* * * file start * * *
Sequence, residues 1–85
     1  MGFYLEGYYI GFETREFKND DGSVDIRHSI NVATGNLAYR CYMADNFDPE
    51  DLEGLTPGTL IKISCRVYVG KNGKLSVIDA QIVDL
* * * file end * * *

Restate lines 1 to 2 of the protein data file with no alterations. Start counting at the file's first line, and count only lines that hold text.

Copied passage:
Sequence, residues 1–85
     1  MGFYLEGYYI GFETREFKND DGSVDIRHSI NVATGNLAYR CYMADNFDPE